:44:40.:44:46.

other hand, he wants to renegotiate a treaty, only for the UK. Which

:44:46.:44:52.

means that the UK is going to conclude a treaty with the UK. As

:44:52.:44:57.

perhaps you know, a treaty is a contract between many people, or

:44:57.:45:00.

countries, and I don't think that the Europeans, and especially the

:45:01.:45:08.

French, I think, will accept this proposal. Can I ask you this

:45:08.:45:11.

question, do you think the French would care if Britain decided to

:45:11.:45:17.

leave the EU? I think that, well I'm not the interpreter, neither

:45:17.:45:20.

are the French Government or the French people. But I think that the

:45:21.:45:30.
:45:31.:45:31.

feeling in Europe, by and large, is that it is time for the British

:45:31.:45:35.

Government, I don't think the British people are so anti-European,

:45:35.:45:40.

not as much so as the British Government, in my view. I think it

:45:40.:45:46.

is time for the moment of truth, and to say that if the UK is still

:45:46.:45:52.

in the EU, why? Because I think that Mr Johnson has lost his memory.

:45:52.:46:02.
:46:02.:46:05.

The history of Britain is European. If you look back to Geoffrey Howe,

:46:05.:46:09.

the attorney general at that time, he said Europe is solidarity. He

:46:09.:46:17.

said exactly in a famous quotes, "sovereignty is not like virginity",

:46:17.:46:21.

either you have it or you have not. It can be shared. That is the

:46:21.:46:28.

purpose of Europe. If Great Britain wants to build Europe alone, it

:46:28.:46:33.

won't work, and it will be a shame for the British economy. If I can

:46:33.:46:41.

add a word. Thank you very much indeed. Emma Reynolds is the shadow

:46:41.:46:44.

Europe Minister, of the Labour Party. Will the Labour Party give

:46:44.:46:50.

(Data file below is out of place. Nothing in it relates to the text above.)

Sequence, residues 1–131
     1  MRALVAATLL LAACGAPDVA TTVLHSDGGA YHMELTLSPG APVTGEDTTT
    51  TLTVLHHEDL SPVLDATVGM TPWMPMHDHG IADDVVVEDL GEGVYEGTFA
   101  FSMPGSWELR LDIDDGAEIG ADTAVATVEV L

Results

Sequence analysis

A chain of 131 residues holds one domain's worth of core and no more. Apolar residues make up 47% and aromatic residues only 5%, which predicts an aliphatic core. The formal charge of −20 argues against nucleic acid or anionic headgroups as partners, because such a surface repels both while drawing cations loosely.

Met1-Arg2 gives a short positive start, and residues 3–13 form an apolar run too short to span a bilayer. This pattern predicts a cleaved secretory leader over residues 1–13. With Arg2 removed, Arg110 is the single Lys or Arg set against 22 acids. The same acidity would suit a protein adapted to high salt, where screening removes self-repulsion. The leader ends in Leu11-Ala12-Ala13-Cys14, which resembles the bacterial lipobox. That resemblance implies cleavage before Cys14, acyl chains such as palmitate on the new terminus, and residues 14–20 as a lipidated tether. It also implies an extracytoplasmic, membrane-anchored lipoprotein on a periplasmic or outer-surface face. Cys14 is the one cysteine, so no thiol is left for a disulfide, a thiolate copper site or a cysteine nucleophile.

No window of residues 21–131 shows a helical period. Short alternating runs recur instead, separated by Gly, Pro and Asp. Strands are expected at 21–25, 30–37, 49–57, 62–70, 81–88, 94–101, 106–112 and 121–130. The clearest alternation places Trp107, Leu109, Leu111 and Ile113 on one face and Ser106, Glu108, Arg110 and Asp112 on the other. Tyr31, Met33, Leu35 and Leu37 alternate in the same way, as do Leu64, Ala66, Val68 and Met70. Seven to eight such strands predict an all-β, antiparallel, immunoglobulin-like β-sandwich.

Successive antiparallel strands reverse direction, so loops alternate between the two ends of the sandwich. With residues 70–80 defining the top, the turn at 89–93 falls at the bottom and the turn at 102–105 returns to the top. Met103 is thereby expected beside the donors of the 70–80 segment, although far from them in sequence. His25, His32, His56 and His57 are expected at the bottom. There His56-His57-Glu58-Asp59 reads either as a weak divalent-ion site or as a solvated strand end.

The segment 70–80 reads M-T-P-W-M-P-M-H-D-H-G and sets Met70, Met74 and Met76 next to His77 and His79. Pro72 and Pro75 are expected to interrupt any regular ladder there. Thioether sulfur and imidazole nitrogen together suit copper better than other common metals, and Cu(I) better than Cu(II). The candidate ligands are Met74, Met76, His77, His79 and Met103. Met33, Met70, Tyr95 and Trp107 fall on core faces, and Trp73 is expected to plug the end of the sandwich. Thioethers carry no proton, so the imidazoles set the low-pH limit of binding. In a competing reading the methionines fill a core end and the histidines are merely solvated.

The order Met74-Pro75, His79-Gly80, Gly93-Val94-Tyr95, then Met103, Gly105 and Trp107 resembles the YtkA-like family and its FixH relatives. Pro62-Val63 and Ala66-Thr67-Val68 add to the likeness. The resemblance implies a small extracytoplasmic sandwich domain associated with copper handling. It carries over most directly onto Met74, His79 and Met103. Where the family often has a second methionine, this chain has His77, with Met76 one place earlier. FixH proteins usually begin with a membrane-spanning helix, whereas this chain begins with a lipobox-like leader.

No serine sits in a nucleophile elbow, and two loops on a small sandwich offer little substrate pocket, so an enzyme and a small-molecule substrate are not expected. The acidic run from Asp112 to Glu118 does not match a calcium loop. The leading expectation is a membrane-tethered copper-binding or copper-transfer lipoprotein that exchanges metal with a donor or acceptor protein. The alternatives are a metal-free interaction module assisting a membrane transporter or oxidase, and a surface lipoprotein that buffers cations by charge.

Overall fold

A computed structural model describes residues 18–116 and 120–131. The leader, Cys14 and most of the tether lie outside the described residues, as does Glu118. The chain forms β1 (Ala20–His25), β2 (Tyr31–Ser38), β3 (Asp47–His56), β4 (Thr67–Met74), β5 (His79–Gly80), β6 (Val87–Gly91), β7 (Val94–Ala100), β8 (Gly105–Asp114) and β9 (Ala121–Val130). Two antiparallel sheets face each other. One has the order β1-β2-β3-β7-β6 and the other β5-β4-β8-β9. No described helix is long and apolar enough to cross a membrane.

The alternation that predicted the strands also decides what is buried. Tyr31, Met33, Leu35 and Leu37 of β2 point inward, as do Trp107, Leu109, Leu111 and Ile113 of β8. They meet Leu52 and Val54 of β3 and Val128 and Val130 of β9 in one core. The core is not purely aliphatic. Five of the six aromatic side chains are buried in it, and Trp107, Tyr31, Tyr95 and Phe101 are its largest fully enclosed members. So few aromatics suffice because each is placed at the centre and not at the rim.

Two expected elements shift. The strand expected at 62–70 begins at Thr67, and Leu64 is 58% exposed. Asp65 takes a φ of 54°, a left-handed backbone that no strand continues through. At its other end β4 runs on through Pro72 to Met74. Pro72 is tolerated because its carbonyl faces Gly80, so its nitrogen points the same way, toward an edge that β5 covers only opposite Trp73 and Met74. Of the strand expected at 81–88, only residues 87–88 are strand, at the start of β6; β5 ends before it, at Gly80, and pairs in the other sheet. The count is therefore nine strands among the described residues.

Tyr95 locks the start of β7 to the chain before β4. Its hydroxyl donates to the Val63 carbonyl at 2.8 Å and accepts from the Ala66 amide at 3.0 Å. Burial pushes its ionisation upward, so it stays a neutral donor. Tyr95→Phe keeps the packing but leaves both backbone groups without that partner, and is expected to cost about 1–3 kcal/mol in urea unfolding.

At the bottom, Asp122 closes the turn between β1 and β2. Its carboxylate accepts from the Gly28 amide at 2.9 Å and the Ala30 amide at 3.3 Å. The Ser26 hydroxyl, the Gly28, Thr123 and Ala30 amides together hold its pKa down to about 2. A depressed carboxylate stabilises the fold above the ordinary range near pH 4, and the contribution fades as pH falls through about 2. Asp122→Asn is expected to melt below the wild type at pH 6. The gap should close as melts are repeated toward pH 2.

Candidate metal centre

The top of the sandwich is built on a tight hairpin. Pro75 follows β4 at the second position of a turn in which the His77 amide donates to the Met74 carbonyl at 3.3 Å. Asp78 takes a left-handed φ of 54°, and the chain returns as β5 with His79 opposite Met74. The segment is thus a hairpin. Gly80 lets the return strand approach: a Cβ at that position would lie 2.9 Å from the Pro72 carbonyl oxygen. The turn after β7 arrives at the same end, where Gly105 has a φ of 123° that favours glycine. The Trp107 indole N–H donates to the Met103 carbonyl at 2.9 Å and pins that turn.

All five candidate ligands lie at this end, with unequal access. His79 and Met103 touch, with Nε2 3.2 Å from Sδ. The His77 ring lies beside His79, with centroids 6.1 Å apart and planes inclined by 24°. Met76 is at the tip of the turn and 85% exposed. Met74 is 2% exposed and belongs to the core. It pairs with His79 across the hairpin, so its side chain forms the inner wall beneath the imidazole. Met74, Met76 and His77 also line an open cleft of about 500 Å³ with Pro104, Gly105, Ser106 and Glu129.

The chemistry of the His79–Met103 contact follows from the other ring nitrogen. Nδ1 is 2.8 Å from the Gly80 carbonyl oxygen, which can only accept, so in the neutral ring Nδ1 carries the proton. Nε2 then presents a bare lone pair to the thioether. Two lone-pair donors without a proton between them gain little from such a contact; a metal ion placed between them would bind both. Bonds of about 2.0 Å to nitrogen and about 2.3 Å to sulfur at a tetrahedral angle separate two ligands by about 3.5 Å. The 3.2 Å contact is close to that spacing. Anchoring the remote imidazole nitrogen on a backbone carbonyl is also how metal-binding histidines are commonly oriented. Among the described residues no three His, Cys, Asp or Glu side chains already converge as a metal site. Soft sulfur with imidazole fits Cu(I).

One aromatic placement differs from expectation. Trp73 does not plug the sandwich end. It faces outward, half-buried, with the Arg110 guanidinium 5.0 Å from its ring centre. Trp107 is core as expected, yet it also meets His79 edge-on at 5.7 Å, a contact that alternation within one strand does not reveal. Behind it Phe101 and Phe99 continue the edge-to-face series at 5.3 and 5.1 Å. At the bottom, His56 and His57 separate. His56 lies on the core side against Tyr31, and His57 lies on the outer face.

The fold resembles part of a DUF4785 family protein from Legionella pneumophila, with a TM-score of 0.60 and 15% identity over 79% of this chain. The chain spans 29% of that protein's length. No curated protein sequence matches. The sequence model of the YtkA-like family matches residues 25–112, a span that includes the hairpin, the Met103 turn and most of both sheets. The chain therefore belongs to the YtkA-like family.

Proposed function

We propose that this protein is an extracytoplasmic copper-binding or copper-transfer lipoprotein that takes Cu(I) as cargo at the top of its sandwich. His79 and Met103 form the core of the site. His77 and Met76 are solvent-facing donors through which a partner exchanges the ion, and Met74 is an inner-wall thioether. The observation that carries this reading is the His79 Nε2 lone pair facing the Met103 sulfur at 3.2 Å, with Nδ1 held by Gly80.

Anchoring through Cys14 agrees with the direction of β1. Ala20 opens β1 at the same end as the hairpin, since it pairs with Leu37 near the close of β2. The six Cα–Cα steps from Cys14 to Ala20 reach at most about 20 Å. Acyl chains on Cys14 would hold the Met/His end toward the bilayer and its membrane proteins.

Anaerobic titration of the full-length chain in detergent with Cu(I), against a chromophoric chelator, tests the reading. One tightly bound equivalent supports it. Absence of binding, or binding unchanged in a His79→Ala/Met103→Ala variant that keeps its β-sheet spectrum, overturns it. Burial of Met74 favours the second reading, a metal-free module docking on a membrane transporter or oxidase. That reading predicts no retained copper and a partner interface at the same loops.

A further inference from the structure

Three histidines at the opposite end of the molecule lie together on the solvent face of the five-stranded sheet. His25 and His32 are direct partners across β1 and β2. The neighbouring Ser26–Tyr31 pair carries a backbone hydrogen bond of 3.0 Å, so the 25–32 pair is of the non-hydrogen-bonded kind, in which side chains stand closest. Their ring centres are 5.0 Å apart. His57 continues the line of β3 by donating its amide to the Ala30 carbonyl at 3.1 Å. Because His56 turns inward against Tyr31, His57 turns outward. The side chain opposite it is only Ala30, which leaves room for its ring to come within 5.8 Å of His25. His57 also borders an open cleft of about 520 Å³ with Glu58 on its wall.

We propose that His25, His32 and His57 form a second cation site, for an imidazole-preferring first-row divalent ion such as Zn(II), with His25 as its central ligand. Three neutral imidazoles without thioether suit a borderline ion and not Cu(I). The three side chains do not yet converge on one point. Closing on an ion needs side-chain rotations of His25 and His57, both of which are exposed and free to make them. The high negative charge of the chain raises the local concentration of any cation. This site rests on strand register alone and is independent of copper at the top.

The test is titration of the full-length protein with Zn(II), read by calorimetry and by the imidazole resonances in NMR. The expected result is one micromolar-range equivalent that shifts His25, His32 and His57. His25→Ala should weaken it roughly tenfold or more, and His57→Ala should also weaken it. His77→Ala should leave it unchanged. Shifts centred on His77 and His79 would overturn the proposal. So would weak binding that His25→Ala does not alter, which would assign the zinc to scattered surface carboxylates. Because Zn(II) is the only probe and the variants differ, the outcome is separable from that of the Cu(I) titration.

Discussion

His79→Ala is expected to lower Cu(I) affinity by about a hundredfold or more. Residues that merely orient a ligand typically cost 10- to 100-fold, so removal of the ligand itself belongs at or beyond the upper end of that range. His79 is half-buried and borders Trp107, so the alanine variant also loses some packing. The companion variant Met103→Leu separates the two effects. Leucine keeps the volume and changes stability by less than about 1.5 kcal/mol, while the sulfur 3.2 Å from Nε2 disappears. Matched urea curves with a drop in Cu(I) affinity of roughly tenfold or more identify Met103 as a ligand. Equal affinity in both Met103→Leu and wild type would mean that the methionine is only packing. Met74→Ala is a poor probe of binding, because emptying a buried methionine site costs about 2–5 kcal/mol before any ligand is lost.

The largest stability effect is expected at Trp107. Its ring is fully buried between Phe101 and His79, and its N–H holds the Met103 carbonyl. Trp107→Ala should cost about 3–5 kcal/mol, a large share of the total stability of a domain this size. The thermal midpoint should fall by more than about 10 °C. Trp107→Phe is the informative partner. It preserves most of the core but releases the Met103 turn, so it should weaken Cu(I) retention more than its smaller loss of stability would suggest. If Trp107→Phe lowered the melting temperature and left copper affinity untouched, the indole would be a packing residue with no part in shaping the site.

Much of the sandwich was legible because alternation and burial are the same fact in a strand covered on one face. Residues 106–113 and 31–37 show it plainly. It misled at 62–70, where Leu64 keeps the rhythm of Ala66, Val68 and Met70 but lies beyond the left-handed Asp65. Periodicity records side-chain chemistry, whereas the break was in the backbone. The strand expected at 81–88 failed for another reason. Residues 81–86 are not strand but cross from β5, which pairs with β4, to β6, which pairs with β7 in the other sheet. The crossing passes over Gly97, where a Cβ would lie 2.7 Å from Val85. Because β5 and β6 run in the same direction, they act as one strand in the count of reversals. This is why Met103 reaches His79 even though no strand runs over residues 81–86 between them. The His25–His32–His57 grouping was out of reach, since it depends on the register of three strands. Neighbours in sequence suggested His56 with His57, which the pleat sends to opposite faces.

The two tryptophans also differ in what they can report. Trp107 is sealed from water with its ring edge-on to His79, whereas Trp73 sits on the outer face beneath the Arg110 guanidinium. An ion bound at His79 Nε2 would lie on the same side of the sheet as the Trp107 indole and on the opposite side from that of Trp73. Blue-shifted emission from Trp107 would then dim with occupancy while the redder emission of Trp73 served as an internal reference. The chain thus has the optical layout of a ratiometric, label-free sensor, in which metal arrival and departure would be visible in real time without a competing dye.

the British people a referendum? in or out? We don't think it is the

:46:50.:46:55.

right time now to hold a referendum. Nobody is suggesting you do it

:46:55.:46:57.

tomorrow? It will depend what happens with the rest of the

:46:57.:47:00.

European Union. The eurozone will integrate more closely it remains

:47:00.:47:04.

to be seen what the relationship between those who are outside the

:47:04.:47:08.

eurozone, and those within the eurozone, will be. You heard Boris

:47:08.:47:12.

Johnson say there were very specific things that he thought a

:47:12.:47:15.

Conservative Government would wish to renegotiate with the rest of

:47:15.:47:18.

Europe, agriculture, fisheries and so on. What would you like to

:47:18.:47:22.

renegotiate? Certainly we would like to see a reform of the Common

:47:22.:47:26.

Agricultural Policy. You wouldn't like to renegotiate anything?

:47:26.:47:30.

he is proposing is totally unrealistic. I'm not interested in

:47:30.:47:33.

what you think of his policies, I'm interested in what your policies

:47:33.:47:38.

are? In Government we said we wanted to look at renegotiating

:47:38.:47:42.

structural funds, European regional policy, but I certainly don't think

:47:42.:47:46.

we want to repatriate things like employment and social legislation,

:47:46.:47:51.

we don't want to repatriate other part of the...You Want to reclaim

:47:51.:47:56.

British fisheries, or stop subsidising French farmers, you

:47:56.:48:00.

don't want to do any that have? get money back from the CAP, we

:48:00.:48:06.

would like to have reform on the CAP and give less money to that.

:48:06.:48:11.

That is a cross-party thing. In order to repatriate the power you

:48:11.:48:14.

would need the agreement of 26 other member states. The Common

:48:14.:48:17.

Market, and the rest of the European Union, is based on a

:48:18.:48:23.

compromise between those 27 member states. And if Britain tries to

:48:24.:48:30.

unpick that, it will all unravel. David Cameron can't do it, it is

:48:30.:48:33.

posturing? I think Boris Johnson is posturing, we will see what he

:48:33.:48:37.

comes up with, his speech has been postponed several times, we will

:48:37.:48:41.

see what he says. Where will we end up after another three or four

:48:41.:48:46.

years? I think the shift in public opinion, and in business opinion,